CBS News Correspondent Peter Van Sant reports on the work of some committed conservationists who want to save the cheetah.
"I met my first cheetah when I was 20, and so it's been over half my life that I've been working for them, says Laurie Marker, who considers herself lucky to have had the experience.
"They could be gone in our lifetime," she acknowledges.
But a group of American conservationists, including Marker and Dan Krause are working to keep these beautiful spotted cats from going extinct.
"Between 1980 and 1981, close to 7,000 cheetahs have been removed from these farmlands, caught in live traps usually andÂ…shot after that," says Marker, who knows farmers who have killed 200 cats over the past 15 years.
While some work to see that fewer cheetahs are shot, others like this team of Smithsonian scientists, come to Namibia to ensure that more are born. Jo Gail Howard leads a cheetah MASH unit armed with sophisticated gear to collect and free semen from sedated wild cheetahs.
"Most people would say this can't be done, just because a lot of this is really fragile equipment," says Howard. "The best thing about this is that we don't have to take this cat out of Namibia - that we can collect the sperm, freeze the sperm and take that back and let him go back to the wild."
The sperm will later be implanted in cheetahs in North American zoos. The idea is to broaden the ever-dwindling genetic pool. There are only about 8,000 to 10,000 cheetahs left in the world, and they're isolated in different areas. These isolated populations get inbred, opening up the species to disease and a population decline.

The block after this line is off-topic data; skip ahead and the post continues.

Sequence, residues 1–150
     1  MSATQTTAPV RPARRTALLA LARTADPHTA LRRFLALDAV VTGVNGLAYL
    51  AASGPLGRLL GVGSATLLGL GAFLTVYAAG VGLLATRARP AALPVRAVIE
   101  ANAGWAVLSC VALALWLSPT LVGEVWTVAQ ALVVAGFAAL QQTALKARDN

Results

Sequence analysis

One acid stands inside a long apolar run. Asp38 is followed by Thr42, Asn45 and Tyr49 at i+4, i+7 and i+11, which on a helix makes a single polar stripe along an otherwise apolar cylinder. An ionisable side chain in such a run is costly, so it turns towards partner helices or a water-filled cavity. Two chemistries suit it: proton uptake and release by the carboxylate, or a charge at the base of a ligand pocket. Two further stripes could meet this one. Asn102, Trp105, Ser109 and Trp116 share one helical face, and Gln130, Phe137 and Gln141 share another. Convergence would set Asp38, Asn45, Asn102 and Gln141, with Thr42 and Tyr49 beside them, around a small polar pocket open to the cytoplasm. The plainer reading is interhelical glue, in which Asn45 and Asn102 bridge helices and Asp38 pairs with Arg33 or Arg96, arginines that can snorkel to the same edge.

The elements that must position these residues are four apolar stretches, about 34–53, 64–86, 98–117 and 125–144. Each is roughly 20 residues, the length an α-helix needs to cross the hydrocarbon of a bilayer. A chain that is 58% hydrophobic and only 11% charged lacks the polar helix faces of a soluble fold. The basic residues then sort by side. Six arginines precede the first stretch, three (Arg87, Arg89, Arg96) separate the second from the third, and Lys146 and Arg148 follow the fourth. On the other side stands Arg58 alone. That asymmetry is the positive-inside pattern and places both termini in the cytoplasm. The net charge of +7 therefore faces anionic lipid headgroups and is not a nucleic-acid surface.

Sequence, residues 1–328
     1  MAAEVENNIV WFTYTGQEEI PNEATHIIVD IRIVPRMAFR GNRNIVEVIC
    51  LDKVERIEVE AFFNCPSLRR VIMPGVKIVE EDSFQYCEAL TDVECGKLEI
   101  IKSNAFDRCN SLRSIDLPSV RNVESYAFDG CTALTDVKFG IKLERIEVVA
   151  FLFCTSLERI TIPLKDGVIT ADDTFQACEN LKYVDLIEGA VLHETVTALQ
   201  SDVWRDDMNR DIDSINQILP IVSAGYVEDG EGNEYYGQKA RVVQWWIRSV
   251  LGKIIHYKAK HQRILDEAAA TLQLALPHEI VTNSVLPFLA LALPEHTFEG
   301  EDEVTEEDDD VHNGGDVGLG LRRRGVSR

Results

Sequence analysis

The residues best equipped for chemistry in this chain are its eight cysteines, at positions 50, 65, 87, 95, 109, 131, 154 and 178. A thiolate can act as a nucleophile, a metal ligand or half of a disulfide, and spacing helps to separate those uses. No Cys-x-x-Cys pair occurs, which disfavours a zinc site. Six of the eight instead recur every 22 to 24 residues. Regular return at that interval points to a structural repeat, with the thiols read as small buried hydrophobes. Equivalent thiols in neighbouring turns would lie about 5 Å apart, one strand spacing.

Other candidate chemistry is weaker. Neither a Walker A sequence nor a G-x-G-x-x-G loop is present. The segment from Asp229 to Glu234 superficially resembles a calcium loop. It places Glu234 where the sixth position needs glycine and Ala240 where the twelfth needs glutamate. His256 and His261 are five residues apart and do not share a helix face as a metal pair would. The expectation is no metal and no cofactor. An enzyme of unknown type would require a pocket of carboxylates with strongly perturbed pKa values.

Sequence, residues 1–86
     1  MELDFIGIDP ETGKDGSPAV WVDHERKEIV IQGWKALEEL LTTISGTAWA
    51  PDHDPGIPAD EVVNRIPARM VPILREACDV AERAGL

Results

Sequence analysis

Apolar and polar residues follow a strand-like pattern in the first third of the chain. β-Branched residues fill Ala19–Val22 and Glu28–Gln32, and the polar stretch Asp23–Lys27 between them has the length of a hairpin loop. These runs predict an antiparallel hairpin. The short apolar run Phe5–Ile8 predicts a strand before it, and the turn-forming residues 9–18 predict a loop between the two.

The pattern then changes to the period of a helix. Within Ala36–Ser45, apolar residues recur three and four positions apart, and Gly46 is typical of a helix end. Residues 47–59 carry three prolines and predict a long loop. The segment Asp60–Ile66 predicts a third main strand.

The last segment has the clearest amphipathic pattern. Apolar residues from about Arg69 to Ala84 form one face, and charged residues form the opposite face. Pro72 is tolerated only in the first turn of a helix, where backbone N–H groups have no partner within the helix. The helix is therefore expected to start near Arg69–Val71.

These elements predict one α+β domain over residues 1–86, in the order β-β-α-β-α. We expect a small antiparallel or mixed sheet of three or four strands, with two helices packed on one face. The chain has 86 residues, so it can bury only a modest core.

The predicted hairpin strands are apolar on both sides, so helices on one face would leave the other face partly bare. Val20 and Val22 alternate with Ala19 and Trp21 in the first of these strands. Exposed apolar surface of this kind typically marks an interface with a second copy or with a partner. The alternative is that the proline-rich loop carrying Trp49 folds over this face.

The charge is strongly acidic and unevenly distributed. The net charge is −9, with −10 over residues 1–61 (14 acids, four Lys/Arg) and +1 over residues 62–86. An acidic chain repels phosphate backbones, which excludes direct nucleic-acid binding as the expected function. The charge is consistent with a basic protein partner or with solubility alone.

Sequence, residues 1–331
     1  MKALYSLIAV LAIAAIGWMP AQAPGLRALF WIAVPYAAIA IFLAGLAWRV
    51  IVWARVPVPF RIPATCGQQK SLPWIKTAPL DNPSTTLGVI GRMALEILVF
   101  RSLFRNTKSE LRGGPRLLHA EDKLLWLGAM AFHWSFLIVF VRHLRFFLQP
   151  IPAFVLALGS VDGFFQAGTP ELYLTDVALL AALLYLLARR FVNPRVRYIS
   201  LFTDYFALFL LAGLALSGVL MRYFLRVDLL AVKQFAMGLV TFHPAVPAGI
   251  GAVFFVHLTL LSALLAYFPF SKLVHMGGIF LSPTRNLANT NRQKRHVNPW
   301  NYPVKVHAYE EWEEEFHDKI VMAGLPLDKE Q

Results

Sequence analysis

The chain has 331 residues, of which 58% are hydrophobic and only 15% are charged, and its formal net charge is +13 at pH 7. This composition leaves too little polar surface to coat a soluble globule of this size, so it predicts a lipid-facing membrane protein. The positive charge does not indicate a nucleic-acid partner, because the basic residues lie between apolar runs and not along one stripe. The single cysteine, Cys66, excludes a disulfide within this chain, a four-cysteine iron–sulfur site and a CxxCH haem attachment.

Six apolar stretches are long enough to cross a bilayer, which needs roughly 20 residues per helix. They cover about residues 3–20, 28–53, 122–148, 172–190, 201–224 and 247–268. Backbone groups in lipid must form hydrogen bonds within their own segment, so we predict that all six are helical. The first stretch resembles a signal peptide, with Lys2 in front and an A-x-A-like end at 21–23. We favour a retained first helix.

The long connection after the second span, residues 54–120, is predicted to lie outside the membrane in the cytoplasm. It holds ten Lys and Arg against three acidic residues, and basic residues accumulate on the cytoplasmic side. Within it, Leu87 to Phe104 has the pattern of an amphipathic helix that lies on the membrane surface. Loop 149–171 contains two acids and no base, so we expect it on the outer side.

With the survival of the cheetah depending, in part, on the success of her work, Howard feels a good deal of pressure.
Marker has convinced a farmer to let the medical team onto his land. They're getting sperm samples from several cheetahs he recently trapped. Usually, the farmer says, he just shoots those he trapped.
They have traveled more than 7,000 miles for this high-quality cheetah sperm. Howard puts it on a block of dry ice, where it freezes into pellets. She then stores it in liquid nitrogen; then the sperm is good for 10,000 years.
Once back at her Florida lab, Howard uses her pioneering technique to inseminate captive cheetahs with the frozen Namibian sperm. This is a new procedure, which has failed more often than it has worked.
Howard has adapted for the cheetahs technology originally developed for humans, like artificial insemination and in-vitro fertilization.
She recalls going to Albuquerque to meets the frst North American cub born with the help of Namibian semen. "Even scientists know cute things when they see them," says Howard. The cheetah was named Esperanza, which means "hope" in Spanish.
After Esperanza grows up, she gives birth to cubs of her own, also through artificial insemination. Although they failed to survive, there is still enough frozen semen left to impregnate more cheetahs.
"If a lot of people don't try to help save the cheetah in all the various ways that we're working today, there's no doubt in my mind this species will go extinct," says Howard.